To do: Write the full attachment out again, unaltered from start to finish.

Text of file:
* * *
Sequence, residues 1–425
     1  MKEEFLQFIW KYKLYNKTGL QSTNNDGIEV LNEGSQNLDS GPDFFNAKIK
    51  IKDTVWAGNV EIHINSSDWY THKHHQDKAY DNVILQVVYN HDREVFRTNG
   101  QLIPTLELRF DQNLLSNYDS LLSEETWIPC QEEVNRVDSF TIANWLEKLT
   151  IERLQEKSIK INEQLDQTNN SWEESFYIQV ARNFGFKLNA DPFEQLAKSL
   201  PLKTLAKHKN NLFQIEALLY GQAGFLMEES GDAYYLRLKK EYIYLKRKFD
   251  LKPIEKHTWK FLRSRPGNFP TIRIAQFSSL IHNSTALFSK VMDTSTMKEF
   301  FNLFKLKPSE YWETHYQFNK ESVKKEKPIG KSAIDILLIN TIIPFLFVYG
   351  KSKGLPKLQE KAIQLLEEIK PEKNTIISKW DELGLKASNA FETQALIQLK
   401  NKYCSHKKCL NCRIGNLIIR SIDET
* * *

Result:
Sequence, residues 1–425
     1  MKEEFLQFIW KYKLYNKTGL QSTNNDGIEV LNEGSQNLDS GPDFFNAKIK
    51  IKDTVWAGNV EIHINSSDWY THKHHQDKAY DNVILQVVYN HDREVFRTNG
   101  QLIPTLELRF DQNLLSNYDS LLSEETWIPC QEEVNRVDSF TIANWLEKLT
   151  IERLQEKSIK INEQLDQTNN SWEESFYIQV ARNFGFKLNA DPFEQLAKSL
   201  PLKTLAKHKN NLFQIEALLY GQAGFLMEES GDAYYLRLKK EYIYLKRKFD
   251  LKPIEKHTWK FLRSRPGNFP TIRIAQFSSL IHNSTALFSK VMDTSTMKEF
   301  FNLFKLKPSE YWETHYQFNK ESVKKEKPIG KSAIDILLIN TIIPFLFVYG
   351  KSKGLPKLQE KAIQLLEEIK PEKNTIISKW DELGLKASNA FETQALIQLK
   401  NKYCSHKKCL NCRIGNLIIR SIDET